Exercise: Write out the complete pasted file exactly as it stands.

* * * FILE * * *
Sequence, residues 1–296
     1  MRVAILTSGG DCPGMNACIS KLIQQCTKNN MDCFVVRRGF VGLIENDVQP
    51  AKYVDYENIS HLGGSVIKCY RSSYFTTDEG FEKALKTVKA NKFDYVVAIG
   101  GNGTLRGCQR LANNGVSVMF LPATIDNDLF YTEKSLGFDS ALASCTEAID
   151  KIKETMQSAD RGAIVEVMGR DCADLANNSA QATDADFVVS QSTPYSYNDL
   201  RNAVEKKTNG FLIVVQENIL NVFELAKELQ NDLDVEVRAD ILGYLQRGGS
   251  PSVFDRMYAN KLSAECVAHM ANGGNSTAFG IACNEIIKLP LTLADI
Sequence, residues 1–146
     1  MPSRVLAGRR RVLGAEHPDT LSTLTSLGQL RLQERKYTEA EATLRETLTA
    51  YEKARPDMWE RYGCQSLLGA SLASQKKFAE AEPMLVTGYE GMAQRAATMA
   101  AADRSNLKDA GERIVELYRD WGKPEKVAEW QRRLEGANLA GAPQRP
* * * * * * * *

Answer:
Sequence, residues 1–296
     1  MRVAILTSGG DCPGMNACIS KLIQQCTKNN MDCFVVRRGF VGLIENDVQP
    51  AKYVDYENIS HLGGSVIKCY RSSYFTTDEG FEKALKTVKA NKFDYVVAIG
   101  GNGTLRGCQR LANNGVSVMF LPATIDNDLF YTEKSLGFDS ALASCTEAID
   151  KIKETMQSAD RGAIVEVMGR DCADLANNSA QATDADFVVS QSTPYSYNDL
   201  RNAVEKKTNG FLIVVQENIL NVFELAKELQ NDLDVEVRAD ILGYLQRGGS
   251  PSVFDRMYAN KLSAECVAHM ANGGNSTAFG IACNEIIKLP LTLADI
Sequence, residues 1–146
     1  MPSRVLAGRR RVLGAEHPDT LSTLTSLGQL RLQERKYTEA EATLRETLTA
    51  YEKARPDMWE RYGCQSLLGA SLASQKKFAE AEPMLVTGYE GMAQRAATMA
   101  AADRSNLKDA GERIVELYRD WGKPEKVAEW QRRLEGANLA GAPQRP